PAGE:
It was a result predicted only by the deluded and Scottish Sun sage Kenny Millar.
Gordon Strachan conceded at full time that a win for Croatia was 90 percent certain.
Somehow Scotland made the most of their ten percent chance.
Percentages figured highly. It was, said captain James Morrison, a victory earned by players giving 110 percent to the cause.
Like Morrison I'm not a mathematician, but even I can see that our 110 trumps their 90 percent.
He'd wrapped a sound point in the cliche though. During the slump of recent years we've fielded teams full of hard workers but too often under George Burley and Craig Levein individual endeavour failed to become a cohesive collective effort.
Not last night. A team effort and a team win.
A meaningless win? Our qualifying race has already been run, last night was typically Scottish: glory when there's nothing left to play for.
Not quite. It certainly wasn't a meaningless game, Robert Snodgrass rammed a hole in Croatia's attempt to win automatic qualification.
This wasn't Scotland taking three points from a dead rubber.
It also gave an inexperienced squad a taste of beating a team ranked above them in the qualifying draw. The first time we've pulled that off since the win over Ukraine in 2007.
Only Alan Hutton and Shaun Maloney from last night's team featured in that 3-1 win at Hampden, four managers and almost six years ago.
When failing in the tougher games is all you know it becomes a hard habit to break.
A tangible benefit from last night is remaining in the group of fourth ranked nations for the next round of qualifiers - an anaemic measure of success but an achievement that prevents a hard task becoming even more difficult.
But the real meaning of the win in Zagreb might only become evident over time.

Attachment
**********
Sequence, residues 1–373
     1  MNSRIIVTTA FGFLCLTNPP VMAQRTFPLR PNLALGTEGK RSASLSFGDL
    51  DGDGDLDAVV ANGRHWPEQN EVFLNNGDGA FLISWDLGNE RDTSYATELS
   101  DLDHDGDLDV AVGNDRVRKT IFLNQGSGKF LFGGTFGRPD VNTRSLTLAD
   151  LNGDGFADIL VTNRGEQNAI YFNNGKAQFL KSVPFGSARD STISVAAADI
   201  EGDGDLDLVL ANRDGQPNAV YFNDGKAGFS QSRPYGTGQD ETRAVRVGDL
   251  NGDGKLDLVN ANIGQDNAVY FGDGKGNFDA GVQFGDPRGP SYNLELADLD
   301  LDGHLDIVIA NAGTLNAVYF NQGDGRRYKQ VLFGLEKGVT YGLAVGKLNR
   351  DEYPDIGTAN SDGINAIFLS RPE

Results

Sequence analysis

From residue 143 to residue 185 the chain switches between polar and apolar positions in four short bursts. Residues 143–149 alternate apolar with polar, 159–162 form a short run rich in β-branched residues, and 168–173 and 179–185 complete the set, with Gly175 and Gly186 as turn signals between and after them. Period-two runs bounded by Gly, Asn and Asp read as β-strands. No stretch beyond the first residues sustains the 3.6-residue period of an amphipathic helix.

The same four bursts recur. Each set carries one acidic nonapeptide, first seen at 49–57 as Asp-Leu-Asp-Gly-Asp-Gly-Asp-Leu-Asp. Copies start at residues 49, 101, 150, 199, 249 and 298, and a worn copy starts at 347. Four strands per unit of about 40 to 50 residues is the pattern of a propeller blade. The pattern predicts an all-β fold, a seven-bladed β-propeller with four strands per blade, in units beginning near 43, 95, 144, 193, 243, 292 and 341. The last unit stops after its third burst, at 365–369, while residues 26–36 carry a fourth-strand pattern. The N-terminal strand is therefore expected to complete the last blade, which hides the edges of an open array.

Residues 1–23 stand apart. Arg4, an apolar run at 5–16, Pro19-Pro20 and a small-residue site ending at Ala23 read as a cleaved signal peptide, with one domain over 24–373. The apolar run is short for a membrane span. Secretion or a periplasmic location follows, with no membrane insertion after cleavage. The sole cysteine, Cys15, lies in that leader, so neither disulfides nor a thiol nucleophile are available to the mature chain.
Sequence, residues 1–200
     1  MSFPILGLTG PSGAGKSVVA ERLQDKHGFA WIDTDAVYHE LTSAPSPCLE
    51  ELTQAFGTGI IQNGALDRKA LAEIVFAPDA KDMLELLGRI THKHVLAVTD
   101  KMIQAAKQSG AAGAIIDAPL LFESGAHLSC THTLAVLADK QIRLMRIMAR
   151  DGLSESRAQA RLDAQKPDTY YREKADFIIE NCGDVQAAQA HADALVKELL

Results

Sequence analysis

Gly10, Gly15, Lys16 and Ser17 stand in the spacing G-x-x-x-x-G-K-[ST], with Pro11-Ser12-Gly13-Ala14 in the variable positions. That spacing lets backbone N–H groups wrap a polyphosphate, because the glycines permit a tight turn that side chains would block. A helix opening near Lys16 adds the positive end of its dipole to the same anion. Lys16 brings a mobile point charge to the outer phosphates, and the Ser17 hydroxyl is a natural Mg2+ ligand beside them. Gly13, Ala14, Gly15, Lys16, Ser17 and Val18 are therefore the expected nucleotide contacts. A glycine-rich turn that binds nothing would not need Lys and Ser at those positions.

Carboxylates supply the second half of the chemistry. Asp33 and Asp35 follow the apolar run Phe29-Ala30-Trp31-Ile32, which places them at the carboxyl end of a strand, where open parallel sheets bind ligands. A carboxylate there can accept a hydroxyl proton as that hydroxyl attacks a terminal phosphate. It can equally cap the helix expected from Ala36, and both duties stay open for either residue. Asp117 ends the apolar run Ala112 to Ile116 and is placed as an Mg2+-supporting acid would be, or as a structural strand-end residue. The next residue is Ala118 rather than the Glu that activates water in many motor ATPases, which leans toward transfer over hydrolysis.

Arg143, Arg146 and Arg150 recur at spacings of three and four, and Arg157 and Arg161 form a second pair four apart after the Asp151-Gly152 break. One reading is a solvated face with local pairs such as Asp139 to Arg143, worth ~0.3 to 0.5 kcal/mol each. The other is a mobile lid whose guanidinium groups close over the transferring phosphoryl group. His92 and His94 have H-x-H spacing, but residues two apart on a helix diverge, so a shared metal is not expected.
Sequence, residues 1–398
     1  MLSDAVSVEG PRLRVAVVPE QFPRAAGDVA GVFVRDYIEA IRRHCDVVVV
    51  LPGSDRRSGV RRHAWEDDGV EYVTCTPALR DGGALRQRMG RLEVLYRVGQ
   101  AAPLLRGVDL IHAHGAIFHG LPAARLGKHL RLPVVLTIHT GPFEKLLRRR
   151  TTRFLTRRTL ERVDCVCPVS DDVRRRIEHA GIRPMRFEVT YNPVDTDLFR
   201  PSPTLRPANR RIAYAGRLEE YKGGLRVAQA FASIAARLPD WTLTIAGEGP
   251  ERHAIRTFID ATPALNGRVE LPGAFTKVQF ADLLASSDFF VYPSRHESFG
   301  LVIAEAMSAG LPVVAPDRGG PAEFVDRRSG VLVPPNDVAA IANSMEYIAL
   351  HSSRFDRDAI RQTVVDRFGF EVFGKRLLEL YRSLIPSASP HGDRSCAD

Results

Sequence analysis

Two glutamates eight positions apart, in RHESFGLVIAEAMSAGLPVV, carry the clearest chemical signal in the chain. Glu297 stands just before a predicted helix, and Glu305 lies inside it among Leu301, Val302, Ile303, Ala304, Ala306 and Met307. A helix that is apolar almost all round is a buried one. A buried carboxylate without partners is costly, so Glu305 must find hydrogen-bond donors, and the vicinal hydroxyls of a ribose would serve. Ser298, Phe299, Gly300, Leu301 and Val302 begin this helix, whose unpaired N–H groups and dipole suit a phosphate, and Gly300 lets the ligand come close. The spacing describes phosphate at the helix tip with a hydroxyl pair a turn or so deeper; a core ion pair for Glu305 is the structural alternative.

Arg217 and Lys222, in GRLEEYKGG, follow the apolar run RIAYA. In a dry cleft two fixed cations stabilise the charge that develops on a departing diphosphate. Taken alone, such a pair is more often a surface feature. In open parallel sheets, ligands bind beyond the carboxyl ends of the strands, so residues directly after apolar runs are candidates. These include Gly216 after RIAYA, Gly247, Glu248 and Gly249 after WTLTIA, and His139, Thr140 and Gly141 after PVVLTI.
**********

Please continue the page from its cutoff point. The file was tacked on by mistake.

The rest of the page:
Strachan has looked frustrated since taking over as manager. Under Levein Scotland were going backwards, the new manager needed a platform to halt the decline.
What he got were limp performances from ever changing squads. The run up to the Croatian game was similarly disrupted by call offs but it also featured a fortnight free from domestic football, almost two weeks for the coaching staff and a young squad to figure out how to get the best from each other.
And if, as I mentioned before the game, Strachan's previous conservatism in selection attracted criticism he showed more flexibility here.
It's true that many changes were forced on him. But he appeared to embrace them and passed that adaptability on to his players.
He spoke last night of giving Russell Martin four weeks notice of his switch to the centre of defence. Morrison was asked to not only take on the responsibility of captain but also take on more of the defensive burden in midfield than he is used to.
Leigh Griffiths was fairly peripheral in attack but ceaseless in his effort, backing Strachan's decision not to send a late SOS to Canada for the experienced but rusty Kenny Miller.
Searching for his first win, Strachan wasn't risk averse. It's hard to imagine his immediate predecessors making the same choices or getting the same response from the players.
We should, of course, be wary of false dawns.
Strachan himself spoke of a performance that still leaves room for improvement. It's also true that Croatia stuttered when big chances came their way.
We remain second bottom of the group and we'll watch yet another tournament on the TV. There are still weaknesses and a lack of cover in certain areas.
What we might have seen is an evolution of the squad, players beginning to react to the demands of a new manager and that manager figuring out how to communicate his methods to a young squad, a squad full of players that will face our next qualification challenge.
Certainly Strachan has found his platform. He now has to build on it.
If we can have more days like this, of waking up to hangovers delivered by celebratory toasts instead of drowned sorrows, he'll be doing something right.